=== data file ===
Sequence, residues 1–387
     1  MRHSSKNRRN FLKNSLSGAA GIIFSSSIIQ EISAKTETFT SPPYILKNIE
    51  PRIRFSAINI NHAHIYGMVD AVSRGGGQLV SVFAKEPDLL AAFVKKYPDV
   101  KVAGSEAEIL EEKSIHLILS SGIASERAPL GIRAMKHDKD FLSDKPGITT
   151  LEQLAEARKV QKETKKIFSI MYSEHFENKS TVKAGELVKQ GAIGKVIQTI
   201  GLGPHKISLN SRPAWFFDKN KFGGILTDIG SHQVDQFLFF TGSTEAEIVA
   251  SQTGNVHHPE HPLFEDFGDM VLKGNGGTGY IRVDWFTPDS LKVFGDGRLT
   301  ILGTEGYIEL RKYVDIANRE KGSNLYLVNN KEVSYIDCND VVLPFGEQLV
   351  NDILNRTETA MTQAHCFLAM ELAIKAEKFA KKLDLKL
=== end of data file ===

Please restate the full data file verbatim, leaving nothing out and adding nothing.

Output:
Sequence, residues 1–387
     1  MRHSSKNRRN FLKNSLSGAA GIIFSSSIIQ EISAKTETFT SPPYILKNIE
    51  PRIRFSAINI NHAHIYGMVD AVSRGGGQLV SVFAKEPDLL AAFVKKYPDV
   101  KVAGSEAEIL EEKSIHLILS SGIASERAPL GIRAMKHDKD FLSDKPGITT
   151  LEQLAEARKV QKETKKIFSI MYSEHFENKS TVKAGELVKQ GAIGKVIQTI
   201  GLGPHKISLN SRPAWFFDKN KFGGILTDIG SHQVDQFLFF TGSTEAEIVA
   251  SQTGNVHHPE HPLFEDFGDM VLKGNGGTGY IRVDWFTPDS LKVFGDGRLT
   301  ILGTEGYIEL RKYVDIANRE KGSNLYLVNN KEVSYIDCND VVLPFGEQLV
   351  NDILNRTETA MTQAHCFLAM ELAIKAEKFA KKLDLKL